Please use this identifier to cite or link to this item: https://www.arca.fiocruz.br/handle/icict/17750
Title: The potential of secondary metabolites from plants as drugs or leads against protozoan neglected diseases - Part I.
Authors: Schmidt, Thomas Josef
Khalid, Sami Ahmed
Romanha, Alvaro Jose
Alves, Tania Maria Almeida
Biavatti, Maique Weber
Brun, Reto
Costa, Fernando Batista da
Castro, Solange Lisboa de
Ferreira, Vitor Francisco
Lacerda, Marcus Vinícius Guimarães de
Lago, Joao Henrique Ghilardi
Leon, Leonor Laura Pinto
Lopes, Norberto Peporine
Amorim, Rodrigo César das Neves
Niehues, Michael
Ogungbe, Ifedayo Victor
Pohlit, Adrian Martin
Scotti, Marcus Tullius
Setzer, William N.
Soeiro, Maria de Nazaré Correia
Steindel, Mario
Cardoso, André Gustavo Tempone
Affilliation: University of Münster. Institute of Pharmaceutical Biology and Phytochemistry. Münster, Germany
University of Science & Technology. Faculty of Pharmacy. Omdurman, Sudan
Universidade Federal de Santa Catarina. Centro de Ciências Biológicas. Departamento de Microbiologia, Immunologia e Parasitologia. Florianópolis, SC, Brasil / Fundação Oswaldo Cruz. Centro de Pesquisas René Rachou. Belo Horizonte, MG, Brasil
Fundação Oswaldo Cruz. Centro de Pesquisas René Rachou. Belo Horizonte, MG, Brasil
Universidade Federal de Santa Catarina. Departamento de Farmácia. Florianópolis, SC, Brasil
University of Basel. Swiss Tropical and Public Health Institute. Basel, Switzerland
Universidade de São Paulo. Faculdade de Ciências Farmacêuticas. Ribeirão Preto, SP, Brasil
Fundação Oswaldo Cruz. Instituto Oswaldo Cruz. Laboratório de Biologia Celular. Rio de Janeiro, RJ, Brasil
Universidade Federal Fluminense. Departamento de Química Orgânica. Instituto de Química. Niterói, RJ, Brasil
Fundação de Medicina Tropical Heitor Vieira Dourado. Manaus, AM, Brasil
Universidade Federal de São Paulo. Instituto de Ciências Ambientais, Químicas e Farmacêuticas. Diadema, SP, Brasil
Fundação Oswaldo Cruz. Instituto Oswaldo Cruz. Laboratório de Bioquímica de Tripanosomatideos. Rio de Janeiro, RJ, Brasil
Universidade de São Paulo. Faculdade de Ciências Farmacêuticas. Ribeirão Preto, SP, Brasil
Instituto Nacional de Pesquisa da Amazônia.Manaus, AM, Brasil
Universidade de São Paulo. Faculdade de Ciências Farmacêuticas. Ribeirão Preto, SP, Brasil
University of Alabama in Huntsville. Department of Chemistry. Huntsville, Alabama, EUA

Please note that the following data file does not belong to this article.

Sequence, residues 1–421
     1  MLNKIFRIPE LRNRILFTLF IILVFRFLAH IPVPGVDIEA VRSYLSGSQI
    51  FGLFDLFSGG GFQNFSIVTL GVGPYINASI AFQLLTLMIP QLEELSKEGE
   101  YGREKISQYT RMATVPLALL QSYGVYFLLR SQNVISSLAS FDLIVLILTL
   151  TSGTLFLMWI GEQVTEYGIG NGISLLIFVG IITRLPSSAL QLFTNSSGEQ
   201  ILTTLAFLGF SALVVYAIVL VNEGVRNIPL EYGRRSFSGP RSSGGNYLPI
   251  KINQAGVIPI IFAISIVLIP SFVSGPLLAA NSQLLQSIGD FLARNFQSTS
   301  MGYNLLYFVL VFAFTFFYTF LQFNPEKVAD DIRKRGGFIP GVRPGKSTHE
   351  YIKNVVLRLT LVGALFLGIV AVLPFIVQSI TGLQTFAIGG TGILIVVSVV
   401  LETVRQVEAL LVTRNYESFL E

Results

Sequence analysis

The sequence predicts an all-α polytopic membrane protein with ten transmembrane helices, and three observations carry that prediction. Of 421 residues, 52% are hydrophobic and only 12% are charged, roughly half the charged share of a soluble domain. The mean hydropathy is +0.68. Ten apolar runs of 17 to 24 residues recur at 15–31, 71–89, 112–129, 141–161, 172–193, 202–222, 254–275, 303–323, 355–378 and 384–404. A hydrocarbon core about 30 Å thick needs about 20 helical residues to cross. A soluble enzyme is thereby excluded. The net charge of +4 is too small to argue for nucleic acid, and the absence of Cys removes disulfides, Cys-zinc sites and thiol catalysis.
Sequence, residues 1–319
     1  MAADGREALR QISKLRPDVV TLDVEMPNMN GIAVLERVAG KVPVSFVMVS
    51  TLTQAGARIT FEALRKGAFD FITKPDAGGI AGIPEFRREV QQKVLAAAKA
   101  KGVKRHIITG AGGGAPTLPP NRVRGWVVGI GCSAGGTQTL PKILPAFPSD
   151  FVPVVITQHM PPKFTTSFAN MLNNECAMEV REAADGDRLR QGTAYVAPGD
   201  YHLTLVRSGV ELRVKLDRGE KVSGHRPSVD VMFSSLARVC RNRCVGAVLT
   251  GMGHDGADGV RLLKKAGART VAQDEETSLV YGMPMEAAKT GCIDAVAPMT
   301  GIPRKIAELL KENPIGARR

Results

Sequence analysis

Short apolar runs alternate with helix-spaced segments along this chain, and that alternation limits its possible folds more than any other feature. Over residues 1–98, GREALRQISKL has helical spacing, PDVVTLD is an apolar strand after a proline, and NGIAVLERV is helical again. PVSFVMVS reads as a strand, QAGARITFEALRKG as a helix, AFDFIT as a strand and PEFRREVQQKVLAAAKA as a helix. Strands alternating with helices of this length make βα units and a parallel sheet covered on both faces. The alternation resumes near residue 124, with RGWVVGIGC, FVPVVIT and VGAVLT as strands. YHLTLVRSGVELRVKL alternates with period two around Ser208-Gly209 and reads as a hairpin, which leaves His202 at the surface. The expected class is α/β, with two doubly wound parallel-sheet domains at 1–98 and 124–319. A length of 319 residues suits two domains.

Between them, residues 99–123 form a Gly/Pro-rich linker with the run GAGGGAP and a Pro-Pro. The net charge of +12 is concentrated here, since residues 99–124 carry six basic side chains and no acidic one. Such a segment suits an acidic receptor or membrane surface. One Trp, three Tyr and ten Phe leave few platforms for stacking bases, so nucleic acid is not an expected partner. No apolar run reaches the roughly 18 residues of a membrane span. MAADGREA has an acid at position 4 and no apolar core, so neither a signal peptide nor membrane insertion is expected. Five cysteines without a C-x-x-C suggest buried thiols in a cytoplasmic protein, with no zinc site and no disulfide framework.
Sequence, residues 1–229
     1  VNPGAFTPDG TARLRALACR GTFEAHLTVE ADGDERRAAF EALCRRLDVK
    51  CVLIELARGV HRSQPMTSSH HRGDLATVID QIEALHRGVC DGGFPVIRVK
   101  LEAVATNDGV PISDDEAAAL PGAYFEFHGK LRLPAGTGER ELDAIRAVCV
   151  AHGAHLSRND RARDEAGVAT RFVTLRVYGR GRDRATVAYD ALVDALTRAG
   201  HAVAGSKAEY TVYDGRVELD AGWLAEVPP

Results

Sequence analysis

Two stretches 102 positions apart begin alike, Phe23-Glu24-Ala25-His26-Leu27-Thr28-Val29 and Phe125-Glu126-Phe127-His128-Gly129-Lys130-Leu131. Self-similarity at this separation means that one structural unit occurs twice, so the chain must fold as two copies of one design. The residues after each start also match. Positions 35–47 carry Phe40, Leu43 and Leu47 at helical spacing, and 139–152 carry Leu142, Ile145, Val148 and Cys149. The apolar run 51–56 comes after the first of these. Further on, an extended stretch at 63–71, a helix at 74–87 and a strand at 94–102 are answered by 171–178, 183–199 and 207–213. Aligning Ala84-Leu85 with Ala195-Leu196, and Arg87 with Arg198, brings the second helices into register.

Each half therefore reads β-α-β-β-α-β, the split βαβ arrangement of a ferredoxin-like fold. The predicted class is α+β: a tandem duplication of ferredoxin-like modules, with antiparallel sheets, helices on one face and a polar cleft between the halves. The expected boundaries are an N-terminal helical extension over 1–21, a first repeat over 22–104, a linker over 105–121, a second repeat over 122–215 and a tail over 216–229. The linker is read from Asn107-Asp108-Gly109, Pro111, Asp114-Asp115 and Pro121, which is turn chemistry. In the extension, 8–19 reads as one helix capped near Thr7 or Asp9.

Instituto Nacional de Pesquisa da Amazônia. Manaus, AM, Brasil
Universidade Federal da Paraíba. Centro de Ciências Aplicadas e Educação. Departamento do Engenharia e Meio Ambiente. João Pessoa, PB, Brasil
University of Alabama in Huntsville. Department of Chemistry. Huntsville, Alabama, EUA
Fundacão Oswaldo Cruz. Instituto Oswaldo Cruz. Laboratório de Biologia Celular. Rio de Janeiro, RJ, Brasil
Universidade Federal de Santa Catarina. Centro de Ciências Biológicas. Departamento de Microbiologia, Imunologia e Parasitologia. Florianópolis, SC, Brasil
Instituto Adolfo Lutz. Departamento de Parasitologia. São Paulo, SP, Brasil
Abstract: Infections with protozoan parasites are a major cause of disease and mortality in many tropical countries of the world. Diseases caused by species of the genera Trypanosoma (Human African Trypanosomiasis and Chagas Disease) and Leishmania (various forms of Leishmaniasis) are among the seventeen “Neglected Tropical Diseases” (NTDs) defined as such by WHO due to the neglect of financial investment into research and development of new drugs by a large part of pharmaceutical industry and neglect of public awareness in high income countries. Another major tropical protozoan disease is malaria (caused by various Plasmodium species), which -although not mentioned currently by the WHO as a neglected disease- still represents a major problem, especially to people living under poor circumstances in tropical countries. Malaria causes by far the highest number of deaths of all protozoan infections and is often (as in this review) included in the NTDs. The mentioned diseases threaten many millions of lives world-wide and they are mostly associated with poor socioeconomic and hygienic environment. Existing therapies suffer from various shortcomings, namely, a high degree of toxicity and unwanted effects, lack of availability and/or problematic application under the life conditions of affected populations. Development of new, safe and affordable drugs is therefore an urgent need. Nature has provided an innumerable number of drugs for the treatment of many serious diseases. Among the natural sources for new bioactive chemicals, plants are still predominant. Their secondary metabolism yields an immeasurable wealth of chemical structures which has been and will continue to be a source of new drugs, directly in their native form and after optimization by synthetic medicinal chemistry. The current review, published in two parts, attempts to give an overview on the potential of such plant-derived natural products as antiprotozoal leads and/or drugs in the fight against NTDs.
Keywords: Neglected tropical diseases
Trypanosoma
Leishmania
Plasmodium
natural product
monoterpene
sesquiterpene
diterpene
triterpene
keywords: Doenças tropicais neglecenciadas
Issue Date: 2012
Publisher: Ingenta Connect Bentham Science Publishing
Citation: SCHMIDT, Thomas Josef et al. The potential of secondary metabolites from plants as drugs or leads against protozoan neglected diseases - Part I. Current Medicinal Chemistry, vol.19,n. 14, p. 2128-2175, 2012.
DOI: 10.2174/092986712800229023 0929-8673
ISSN: 0929-8673
Copyright: restricted access
Appears in Collections:IOC - Artigos de Periódicos
MG - IRR - Artigos de Periódicos

Files in This Item:
File Description SizeFormat 
ve_Schmidt_Thomas_The potential Part II_CPqRR_2012.pdf1.43 MBAdobe PDF    Request a copy


FacebookTwitterDeliciousLinkedInGoogle BookmarksBibTex Format mendeley Endnote DiggMySpace

Items in DSpace are protected by copyright, with all rights reserved, unless otherwise indicated.